My research has long focused on the social currents and cultural imaginations of data and digital media, highlighting shifts in how we understand and engage with identity, embodiment and the contemporary politics of life and death. My work in this area began to take shape when as a co-chair of “The Life of Things” seminar at The Center for the Humanities, CUNY, my colleagues and I wrote of “The Datalogical Turn,” where large-scale databases and adaptive algorithms reconfigure the relationship between politics and economy and pose challenges to sociological methods by privatizing the collection of social data. I expand upon these challenges in a review of of the book Uncharted: Big Data as a Lens on Human Culture.
“The Datalogical Turn” (2014) With Patricia Clough, Karen Gregory and R. Joshua Scannell. Nonrepresentational Methodologies: Re-Envisioning Research
“Data and Desire in Academic Life” (2015) a review of Uncharted for boundary 2
My work has been particularly engaged in exploring the intersections of the digital with queer theory and sociality. While the contemporary digital is frequently understood as being categorizing, binary, determining and normalizing—in other words, antagonistic to queerness— my research shows how emergent styles of identity, habituation, and relational form suggest a surprising and complex resonance between digital social life and queerness, particularly in orientations towards novelty, motion, and complexity.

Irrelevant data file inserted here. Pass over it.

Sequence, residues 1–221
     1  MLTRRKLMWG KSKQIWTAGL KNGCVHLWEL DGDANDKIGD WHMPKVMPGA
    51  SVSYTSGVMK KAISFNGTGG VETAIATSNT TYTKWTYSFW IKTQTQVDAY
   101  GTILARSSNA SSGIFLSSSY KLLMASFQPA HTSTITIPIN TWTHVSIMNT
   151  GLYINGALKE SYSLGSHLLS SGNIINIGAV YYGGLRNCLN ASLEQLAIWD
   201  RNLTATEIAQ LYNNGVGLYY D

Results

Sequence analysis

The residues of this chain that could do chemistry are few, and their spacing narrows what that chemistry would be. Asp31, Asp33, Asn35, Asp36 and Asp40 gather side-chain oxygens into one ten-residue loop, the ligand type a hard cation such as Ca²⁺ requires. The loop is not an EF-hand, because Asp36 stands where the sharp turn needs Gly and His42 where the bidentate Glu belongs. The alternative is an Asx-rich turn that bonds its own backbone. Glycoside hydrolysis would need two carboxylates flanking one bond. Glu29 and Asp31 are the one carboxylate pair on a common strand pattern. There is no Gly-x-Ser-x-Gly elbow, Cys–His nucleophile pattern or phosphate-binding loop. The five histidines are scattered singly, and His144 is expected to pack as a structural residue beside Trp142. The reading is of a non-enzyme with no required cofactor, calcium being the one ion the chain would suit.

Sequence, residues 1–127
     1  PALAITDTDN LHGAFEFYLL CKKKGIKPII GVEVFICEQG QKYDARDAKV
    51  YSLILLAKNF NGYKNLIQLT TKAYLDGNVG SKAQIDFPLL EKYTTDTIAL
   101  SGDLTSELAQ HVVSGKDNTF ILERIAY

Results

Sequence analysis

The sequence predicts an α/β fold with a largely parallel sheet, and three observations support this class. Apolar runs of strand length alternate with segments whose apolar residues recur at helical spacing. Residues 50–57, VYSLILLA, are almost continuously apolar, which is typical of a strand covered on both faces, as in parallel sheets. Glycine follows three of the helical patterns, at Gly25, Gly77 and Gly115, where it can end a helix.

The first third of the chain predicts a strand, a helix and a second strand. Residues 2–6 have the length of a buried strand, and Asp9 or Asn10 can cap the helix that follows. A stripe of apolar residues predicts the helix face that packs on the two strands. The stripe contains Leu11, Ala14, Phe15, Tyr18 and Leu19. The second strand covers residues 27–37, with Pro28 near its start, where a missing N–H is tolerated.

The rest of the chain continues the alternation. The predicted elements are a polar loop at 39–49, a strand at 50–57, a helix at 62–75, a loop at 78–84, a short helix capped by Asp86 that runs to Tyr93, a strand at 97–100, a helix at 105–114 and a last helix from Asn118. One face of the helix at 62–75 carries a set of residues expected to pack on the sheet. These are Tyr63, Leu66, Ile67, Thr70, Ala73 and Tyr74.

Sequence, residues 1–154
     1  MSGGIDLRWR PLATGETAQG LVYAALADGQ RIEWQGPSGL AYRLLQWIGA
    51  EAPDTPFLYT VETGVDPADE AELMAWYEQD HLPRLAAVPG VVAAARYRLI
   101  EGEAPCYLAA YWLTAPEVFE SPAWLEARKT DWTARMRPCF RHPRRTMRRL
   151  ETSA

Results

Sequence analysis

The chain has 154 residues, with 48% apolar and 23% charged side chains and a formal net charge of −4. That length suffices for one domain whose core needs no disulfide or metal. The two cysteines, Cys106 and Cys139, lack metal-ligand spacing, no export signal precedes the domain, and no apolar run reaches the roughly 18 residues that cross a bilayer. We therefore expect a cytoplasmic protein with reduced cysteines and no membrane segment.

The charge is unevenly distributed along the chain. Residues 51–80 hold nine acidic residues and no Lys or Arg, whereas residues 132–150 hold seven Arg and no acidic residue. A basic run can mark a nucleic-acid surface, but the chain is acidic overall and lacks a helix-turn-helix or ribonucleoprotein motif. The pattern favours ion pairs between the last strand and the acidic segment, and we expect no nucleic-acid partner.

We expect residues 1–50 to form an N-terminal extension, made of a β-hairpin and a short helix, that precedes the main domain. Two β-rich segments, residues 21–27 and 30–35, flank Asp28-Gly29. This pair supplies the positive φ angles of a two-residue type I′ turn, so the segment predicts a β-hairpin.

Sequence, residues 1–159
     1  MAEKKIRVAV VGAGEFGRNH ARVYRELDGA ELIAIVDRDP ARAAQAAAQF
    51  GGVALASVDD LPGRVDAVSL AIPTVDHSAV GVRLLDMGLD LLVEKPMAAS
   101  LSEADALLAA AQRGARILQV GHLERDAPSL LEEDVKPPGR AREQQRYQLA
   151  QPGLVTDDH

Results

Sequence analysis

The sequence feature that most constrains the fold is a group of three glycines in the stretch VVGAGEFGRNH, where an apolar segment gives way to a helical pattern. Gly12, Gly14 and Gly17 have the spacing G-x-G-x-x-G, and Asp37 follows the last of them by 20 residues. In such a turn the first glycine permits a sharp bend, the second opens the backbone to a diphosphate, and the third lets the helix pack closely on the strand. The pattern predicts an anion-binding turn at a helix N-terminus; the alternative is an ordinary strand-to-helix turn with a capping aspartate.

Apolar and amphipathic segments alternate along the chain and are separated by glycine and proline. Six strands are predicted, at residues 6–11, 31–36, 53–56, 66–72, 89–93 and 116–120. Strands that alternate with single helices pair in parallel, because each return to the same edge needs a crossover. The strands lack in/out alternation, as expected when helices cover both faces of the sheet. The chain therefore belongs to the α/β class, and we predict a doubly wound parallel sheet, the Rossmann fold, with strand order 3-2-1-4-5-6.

“The Queer Ontology of Digital Method” (2016) WSQ
“Introduction to Queer Circuits: Critical Performance and Digital Praxis” (2018) With Daniel Sander Women & Performance
This research has been particularly engaged with the temporalities of digital media, focusing on emergent patterns of remembering and forgetting in an archival age. My research on digital ephemeral media highlights how privacy discourses are underpinned by gendered and sexual norms and I express concern that companies are utilizing the ephemeral to erase inconvenient and non-normative expression.
“For the moment” (2017) Real Life Mag
“The digital ephemeral turn: queer theory, privacy, and the temporality of risk“ (2019) Media, Culture & Society
My latest writing continues to engage with queer theorization and social history, with new attention to death and dying: attending to the cultural politics of boredom and the apocalyptic imagination, emergent forms of memorialization, and a hallucinogenic revival focused on dying, dissociation and depression.
“What Do We Talk About When We Talk About Queer Death?/New Perspectives in Queer Death Studies” (2021) With Daniel Sander Whatever. A Transdisciplinary Journal of Queer Theories and Studies
“All the Gay People Will Disappear” (2022) With Daniel Sander InVisible Culture: Dialogues
“A Review of Capitalisms and Gay Identities” (2022) Contemporary Sociology: A Journal of Reviews
I am currently working on my first manuscript, focused on queer theory after the digital.